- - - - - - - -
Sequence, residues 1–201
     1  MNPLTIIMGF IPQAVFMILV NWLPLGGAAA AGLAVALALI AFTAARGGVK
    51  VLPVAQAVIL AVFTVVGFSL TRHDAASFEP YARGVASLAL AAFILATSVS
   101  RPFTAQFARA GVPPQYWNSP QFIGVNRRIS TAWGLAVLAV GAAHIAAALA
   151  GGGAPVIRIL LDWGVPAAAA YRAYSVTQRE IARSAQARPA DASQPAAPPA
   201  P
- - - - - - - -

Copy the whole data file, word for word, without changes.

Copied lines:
Sequence, residues 1–201
     1  MNPLTIIMGF IPQAVFMILV NWLPLGGAAA AGLAVALALI AFTAARGGVK
    51  VLPVAQAVIL AVFTVVGFSL TRHDAASFEP YARGVASLAL AAFILATSVS
   101  RPFTAQFARA GVPPQYWNSP QFIGVNRRIS TAWGLAVLAV GAAHIAAALA
   151  GGGAPVIRIL LDWGVPAAAA YRAYSVTQRE IARSAQARPA DASQPAAPPA
   201  P